Volume 1: Everything you need to know to start and run your construction business; the pros and cons of each type of contracting, the records you'll need to keep, and how to read and understand house plans and specs so you find any problems before the actual work begins.
All aspects of construction are covered in detail, including all-weather wood foundations, practical math for the job site, and elementary surveying.
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- The Business of Building, 5
- Contractors and Developers, 6
- Speculative Building, 8
- Custom Building, 8
- Remodeling, 9
- Construction Loans, 10
- Getting Started, 20
- The Workable House Plan, 21
- Construction Drawings, 21
- Hatching and Shading, 27
- Blueprint Lines, 28
- Scale, 29
- Nashville Plan, 30
- Standard Forms, 42
- Speculative Building, 50
- Basic Spec House Plans, 50
- Plot Plan and Exterior Elevations, 55
- List of Materials, 58
- Baseline Estimate, 58
- Building Specifications, 67
- Spec Organization, 68
- Spec Language, 70
- The Alfred B. Stone Residence, 73
- Lumber, 86
- Lumber Species, 86
- Seasoning Lumber, 89
- Measuring the Lumber, 90
- Grading Lumber, 91
- Southern Pine Grade Descriptions, 103
- Canadian Lumber, 109
- Selecting the Right Lumber, 116
- Framing the Floor and Walls, 117
- Methods of Framing, 117
- Modular Coordination, 125
- Framing the Floor, 127
- Wood Sill Construction, 130
- Posts and Girders, 133
- Calculating Joist Lengths, 138
- Minimum Joist Grades and Sizes, 142
- Subflooring, 150
- Framing the Walls, 155
- Corners and Intersections, 165
- Interior Walls, 170
- Stairwells, 172
- Framing the Roof, 175
- Roof Trusses, 175
- Conventional Roof Framing, 179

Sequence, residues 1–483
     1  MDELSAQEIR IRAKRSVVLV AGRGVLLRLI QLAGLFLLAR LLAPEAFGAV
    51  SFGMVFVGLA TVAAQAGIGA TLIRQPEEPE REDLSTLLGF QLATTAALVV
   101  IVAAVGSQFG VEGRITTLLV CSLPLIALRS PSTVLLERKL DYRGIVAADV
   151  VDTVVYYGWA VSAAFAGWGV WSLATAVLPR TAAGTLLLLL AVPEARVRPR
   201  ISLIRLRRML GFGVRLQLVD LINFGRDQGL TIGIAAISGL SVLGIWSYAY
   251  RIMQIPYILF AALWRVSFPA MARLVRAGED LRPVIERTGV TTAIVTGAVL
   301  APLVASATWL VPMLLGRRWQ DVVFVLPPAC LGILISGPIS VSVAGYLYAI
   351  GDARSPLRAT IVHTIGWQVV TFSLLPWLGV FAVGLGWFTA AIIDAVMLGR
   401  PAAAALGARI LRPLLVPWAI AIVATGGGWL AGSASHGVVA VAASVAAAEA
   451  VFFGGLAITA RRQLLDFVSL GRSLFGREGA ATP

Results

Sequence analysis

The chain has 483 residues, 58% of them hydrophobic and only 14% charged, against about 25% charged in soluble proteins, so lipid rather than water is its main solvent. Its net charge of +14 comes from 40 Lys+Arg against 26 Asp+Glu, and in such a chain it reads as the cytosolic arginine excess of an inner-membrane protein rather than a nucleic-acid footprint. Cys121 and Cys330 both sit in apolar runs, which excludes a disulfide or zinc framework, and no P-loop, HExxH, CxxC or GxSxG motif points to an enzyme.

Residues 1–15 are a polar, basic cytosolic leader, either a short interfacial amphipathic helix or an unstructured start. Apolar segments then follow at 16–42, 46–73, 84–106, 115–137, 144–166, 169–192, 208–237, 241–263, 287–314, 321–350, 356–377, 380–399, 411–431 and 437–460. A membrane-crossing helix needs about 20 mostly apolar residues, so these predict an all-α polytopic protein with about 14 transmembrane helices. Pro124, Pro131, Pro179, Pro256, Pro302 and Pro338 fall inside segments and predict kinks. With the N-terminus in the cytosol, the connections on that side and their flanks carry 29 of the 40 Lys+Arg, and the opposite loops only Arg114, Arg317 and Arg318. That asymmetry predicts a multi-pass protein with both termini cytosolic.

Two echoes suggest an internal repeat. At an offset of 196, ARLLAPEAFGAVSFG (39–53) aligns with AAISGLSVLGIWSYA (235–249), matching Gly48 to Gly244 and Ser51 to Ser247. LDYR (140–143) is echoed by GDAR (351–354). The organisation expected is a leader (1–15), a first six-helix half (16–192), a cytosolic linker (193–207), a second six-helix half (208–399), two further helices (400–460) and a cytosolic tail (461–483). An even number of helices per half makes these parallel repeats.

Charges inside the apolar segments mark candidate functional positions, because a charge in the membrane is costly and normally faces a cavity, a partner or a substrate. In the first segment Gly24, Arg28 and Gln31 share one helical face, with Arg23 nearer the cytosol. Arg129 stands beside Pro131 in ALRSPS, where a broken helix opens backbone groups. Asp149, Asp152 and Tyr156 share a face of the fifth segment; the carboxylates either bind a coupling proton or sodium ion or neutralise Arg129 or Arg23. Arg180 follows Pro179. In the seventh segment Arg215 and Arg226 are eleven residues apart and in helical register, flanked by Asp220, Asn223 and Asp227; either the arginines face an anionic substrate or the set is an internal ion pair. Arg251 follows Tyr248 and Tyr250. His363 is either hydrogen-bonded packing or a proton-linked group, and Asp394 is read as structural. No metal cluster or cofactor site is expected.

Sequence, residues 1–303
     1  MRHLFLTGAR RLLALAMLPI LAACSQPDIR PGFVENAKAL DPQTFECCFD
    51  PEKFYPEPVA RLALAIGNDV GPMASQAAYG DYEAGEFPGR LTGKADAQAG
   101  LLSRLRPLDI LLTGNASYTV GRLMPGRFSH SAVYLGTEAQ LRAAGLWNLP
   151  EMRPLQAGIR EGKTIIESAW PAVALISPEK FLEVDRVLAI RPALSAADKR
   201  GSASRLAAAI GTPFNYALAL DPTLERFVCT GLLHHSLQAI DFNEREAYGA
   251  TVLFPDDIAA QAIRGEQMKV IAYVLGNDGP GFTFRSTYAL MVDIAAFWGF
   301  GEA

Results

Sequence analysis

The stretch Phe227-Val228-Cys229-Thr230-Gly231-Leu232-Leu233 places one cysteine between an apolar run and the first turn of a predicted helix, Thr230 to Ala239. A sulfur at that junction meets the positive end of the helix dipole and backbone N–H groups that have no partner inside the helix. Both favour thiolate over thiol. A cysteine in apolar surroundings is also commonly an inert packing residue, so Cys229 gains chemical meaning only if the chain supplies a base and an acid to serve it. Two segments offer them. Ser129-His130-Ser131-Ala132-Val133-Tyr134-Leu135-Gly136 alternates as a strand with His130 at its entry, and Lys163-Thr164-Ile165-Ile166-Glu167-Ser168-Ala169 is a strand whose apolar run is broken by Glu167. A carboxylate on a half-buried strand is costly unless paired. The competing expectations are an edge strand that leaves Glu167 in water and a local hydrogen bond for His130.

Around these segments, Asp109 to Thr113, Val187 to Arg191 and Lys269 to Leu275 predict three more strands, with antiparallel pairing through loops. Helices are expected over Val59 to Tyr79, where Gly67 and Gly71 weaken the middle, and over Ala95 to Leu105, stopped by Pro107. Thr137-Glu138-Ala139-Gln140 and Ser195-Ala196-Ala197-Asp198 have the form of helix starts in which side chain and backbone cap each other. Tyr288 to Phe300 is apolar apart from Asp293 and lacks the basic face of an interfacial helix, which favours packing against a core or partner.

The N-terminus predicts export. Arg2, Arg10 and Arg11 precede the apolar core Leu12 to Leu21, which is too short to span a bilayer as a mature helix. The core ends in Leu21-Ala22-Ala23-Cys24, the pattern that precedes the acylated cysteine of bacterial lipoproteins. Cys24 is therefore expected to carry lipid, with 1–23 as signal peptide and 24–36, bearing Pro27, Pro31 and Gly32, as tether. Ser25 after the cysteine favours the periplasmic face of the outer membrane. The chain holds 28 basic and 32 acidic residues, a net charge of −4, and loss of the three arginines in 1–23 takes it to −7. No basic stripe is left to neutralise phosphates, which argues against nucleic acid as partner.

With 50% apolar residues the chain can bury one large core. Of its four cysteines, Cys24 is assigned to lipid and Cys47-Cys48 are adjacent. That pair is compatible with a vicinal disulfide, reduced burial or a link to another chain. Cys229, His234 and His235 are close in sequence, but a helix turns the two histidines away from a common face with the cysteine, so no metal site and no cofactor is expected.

- Flat Roofs, 181
- Gable Roofs, 185
- Hip Roofs, 187
- Rafter Run and Rise, 190
- Cutting Rafters, 195
- Roof Sheathing, 201
- Roof Coverings, 202
- Asphalt Shingles, 205
- Insulation and Vapor Barriers, 214
- Insulation Materials, 215
- Ratings, 215
- Foam Sheathing, 217
- Vapor Barriers, 218
- Installing Insulation and Vapor Barriers, 218
- Designing and Building Stairs, 225
- Stairway Terms, 225
- Location of Stairway, 225
- Width of Stairs, 231
- Kinds of Stringers, 232
- Framing Around Stairs, 234
- Planning Stairs, 237
- Laying Out Stairs, 238
- Handrail Height, 241
- Finish Carpentry, 245
- Sheathing, 245
- Siding, 250
- Half-Timber Work, 256
- Outside Trim, 259
- Cornices, 260
- Windows, 263
- Doors, 269
- Interior Finishing, 279
- Gypsum Board, 279
- Plywood and Hardboard Panels, 284
- Finish Floors, 285
- Moldings, 292
- Kitchen Layout, 294
- Kitchen Storage, 297
- Kitchen Ventilation, 303
- Building with Concrete Block, 304
- Concrete Block Basements, 304
- Concrete Block Apartment Buildings, 310
- Concrete Block Warehouse Walls, 312
- Passive Solar Systems, 316
- The All-Weather Wood Foundation System, 322